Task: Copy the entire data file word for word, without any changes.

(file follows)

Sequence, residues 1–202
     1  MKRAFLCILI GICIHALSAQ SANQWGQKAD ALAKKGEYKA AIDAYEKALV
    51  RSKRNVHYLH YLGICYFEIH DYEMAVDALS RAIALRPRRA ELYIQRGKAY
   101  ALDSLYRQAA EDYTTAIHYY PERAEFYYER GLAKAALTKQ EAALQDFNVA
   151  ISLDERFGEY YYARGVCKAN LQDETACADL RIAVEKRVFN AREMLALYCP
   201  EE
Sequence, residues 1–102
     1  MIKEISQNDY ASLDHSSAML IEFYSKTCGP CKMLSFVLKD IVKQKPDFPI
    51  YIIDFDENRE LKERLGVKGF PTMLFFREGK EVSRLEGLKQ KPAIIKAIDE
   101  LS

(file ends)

Sequence, residues 1–202
     1  MKRAFLCILI GICIHALSAQ SANQWGQKAD ALAKKGEYKA AIDAYEKALV
    51  RSKRNVHYLH YLGICYFEIH DYEMAVDALS RAIALRPRRA ELYIQRGKAY
   101  ALDSLYRQAA EDYTTAIHYY PERAEFYYER GLAKAALTKQ EAALQDFNVA
   151  ISLDERFGEY YYARGVCKAN LQDETACADL RIAVEKRVFN AREMLALYCP
   201  EE
Sequence, residues 1–102
     1  MIKEISQNDY ASLDHSSAML IEFYSKTCGP CKMLSFVLKD IVKQKPDFPI
    51  YIIDFDENRE LKERLGVKGF PTMLFFREGK EVSRLEGLKQ KPAIIKAIDE
   101  LS